Not Your Father's Nightmare
[Jackie Earle Haley, Kyle Gallner, Rooney Mara]
I need to pose a question. Why is it a necessity to vocalize every obvious plot point at a horror film? Don't get me wrong, I love the hoots of appreciation when a teenager get killed in an especially enjoyable way. I just can't understand when someone behind me, all the while kicking my seat, has to point out that the mother is lying to her daughter and hiding a crucial bit of information. These actors are not going to get an Academy Award for powerful performances... come on!
SYNOPSIS: A group of teenagers realize that the death of their friend is far more than a suicide when they realize that they are all dreaming of the same bogeyman with a gloved hand of blades, Freddy Krueger.
The real point of discussion for the new "A Nightmare on Elm Street" is whether it can hold up to Wes Craven's original. There has been obvious comparisons between Robert Englund and Jackie Earle Haley, the differences in Krueger's practical make-up, and the similarities and differences in the script and execution. 25 years may have past between Craven's original film and Samuel Bayer's reboot, but only 7 years have past since the last "Nightmare" and Bayer has to work against a mythology of 8 previous Krueger films.
I watched the new film on Saturday, then followed it with the original that afternoon on DVD. Let get to the Tale of the Tape!
Freddy Krueger - Robert Englund brought a witchy hook nose and sarcasm to a horror villain and made Krueger an industry icon. Jackie Earle Haley brings a more realistic burned-up bogeyman with more malice. Englund's Krueger was a caricature from the beginning, Haley's Krueger more malevolence and focused.
Winner: Jackie Earle Haley
Execution (not that way!): Wes Craven wrote and directed a film that revitalized the genre in the early 80s. Bayer takes a script from Wesley Strick and Eric Heisserer and gives the reboot a new millennium sensibility. The plot is a little darker than the original, the dream sequences slicker, the origin story better executed and tighter, the use of "micro naps" as a plot device more inspired. The cast selection for the 2010 version is more appropriate to the market, definitely not cheesy like the original. The new version does use a couple of ideas from its predecessor - Freddy through the wallpaper, the blades on the pipes, teen girl dragged through the school hall in a body bag - but shakes up the rest.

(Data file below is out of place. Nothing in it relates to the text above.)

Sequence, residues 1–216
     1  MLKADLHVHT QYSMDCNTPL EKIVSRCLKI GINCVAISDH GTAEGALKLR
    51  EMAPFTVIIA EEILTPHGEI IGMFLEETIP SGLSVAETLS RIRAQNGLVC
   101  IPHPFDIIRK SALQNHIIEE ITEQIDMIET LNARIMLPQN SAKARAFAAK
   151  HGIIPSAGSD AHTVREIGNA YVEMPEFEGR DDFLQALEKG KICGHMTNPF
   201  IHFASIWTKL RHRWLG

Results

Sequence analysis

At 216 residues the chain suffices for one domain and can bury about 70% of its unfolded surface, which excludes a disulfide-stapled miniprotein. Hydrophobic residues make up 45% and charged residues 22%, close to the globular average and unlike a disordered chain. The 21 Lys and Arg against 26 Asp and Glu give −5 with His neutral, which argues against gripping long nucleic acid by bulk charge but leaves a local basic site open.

Execution (yes, that way!): Both have a glove of blades coming up in the bubble bath. Both have the girl flying up around the ceiling that ends with 4 slices through the belly. In the latter, Bayer amps up the ceiling crashing tenfold. The boiler dream scenes in the reboot are grittier and more decayed, especially with previous victims strung up like slabs of beef. The original has Freddy slicing off his own fingers, cutting open his belly to show he's made of maggots and goo, and coming up with great one-liners to go with his kills. The reboot has Freddy more driven and methodical, his one-liners simply a product of his twisted mentality. In terms of originality, you simply need to view the first kill in the diner and a steak knife (Clue!, anyone?) to find the clear "cut" winner.
Growing up with the "Elm Street" franchise, I loved Freddy Krueger and his antics. As the original series wore on though, it eventually became a perpetuating parody of itself. As much as I respect what the original brought back to the genre, the new "Nightmare..." breathes new life into a dying man, even though he lives only in our dreams.
Worth: Matinee and DVD